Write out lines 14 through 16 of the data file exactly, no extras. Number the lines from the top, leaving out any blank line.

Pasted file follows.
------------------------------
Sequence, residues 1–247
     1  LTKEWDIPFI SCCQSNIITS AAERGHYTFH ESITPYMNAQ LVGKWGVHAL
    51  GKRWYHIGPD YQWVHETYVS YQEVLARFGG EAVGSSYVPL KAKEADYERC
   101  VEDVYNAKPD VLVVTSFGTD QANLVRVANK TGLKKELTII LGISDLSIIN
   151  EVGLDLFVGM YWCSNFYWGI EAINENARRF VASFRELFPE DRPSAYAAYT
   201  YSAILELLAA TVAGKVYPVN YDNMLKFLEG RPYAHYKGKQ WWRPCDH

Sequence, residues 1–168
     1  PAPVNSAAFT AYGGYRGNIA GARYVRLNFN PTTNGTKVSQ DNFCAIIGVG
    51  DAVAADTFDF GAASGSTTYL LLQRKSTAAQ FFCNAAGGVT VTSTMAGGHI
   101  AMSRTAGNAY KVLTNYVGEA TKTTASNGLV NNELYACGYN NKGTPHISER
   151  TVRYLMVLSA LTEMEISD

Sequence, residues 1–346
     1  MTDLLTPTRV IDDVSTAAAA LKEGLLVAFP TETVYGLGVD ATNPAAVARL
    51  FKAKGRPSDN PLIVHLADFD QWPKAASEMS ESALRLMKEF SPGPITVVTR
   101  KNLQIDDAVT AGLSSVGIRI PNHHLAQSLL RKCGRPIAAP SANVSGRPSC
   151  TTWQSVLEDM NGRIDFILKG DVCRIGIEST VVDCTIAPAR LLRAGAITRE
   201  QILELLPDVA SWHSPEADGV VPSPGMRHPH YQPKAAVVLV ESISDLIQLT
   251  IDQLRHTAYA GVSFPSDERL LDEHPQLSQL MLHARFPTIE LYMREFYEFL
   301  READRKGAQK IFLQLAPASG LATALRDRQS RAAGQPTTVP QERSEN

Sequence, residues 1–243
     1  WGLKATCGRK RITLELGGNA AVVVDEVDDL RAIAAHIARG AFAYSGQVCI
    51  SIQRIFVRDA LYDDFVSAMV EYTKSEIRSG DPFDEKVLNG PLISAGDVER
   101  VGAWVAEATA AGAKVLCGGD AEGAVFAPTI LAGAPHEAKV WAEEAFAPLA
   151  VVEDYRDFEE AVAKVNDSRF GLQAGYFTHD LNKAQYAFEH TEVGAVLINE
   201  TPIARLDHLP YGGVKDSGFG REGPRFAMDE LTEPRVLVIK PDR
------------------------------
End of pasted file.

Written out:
    51  FKAKGRPSDN PLIVHLADFD QWPKAASEMS ESALRLMKEF SPGPITVVTR
   101  KNLQIDDAVT AGLSSVGIRI PNHHLAQSLL RKCGRPIAAP SANVSGRPSC
   151  TTWQSVLEDM NGRIDFILKG DVCRIGIEST VVDCTIAPAR LLRAGAITRE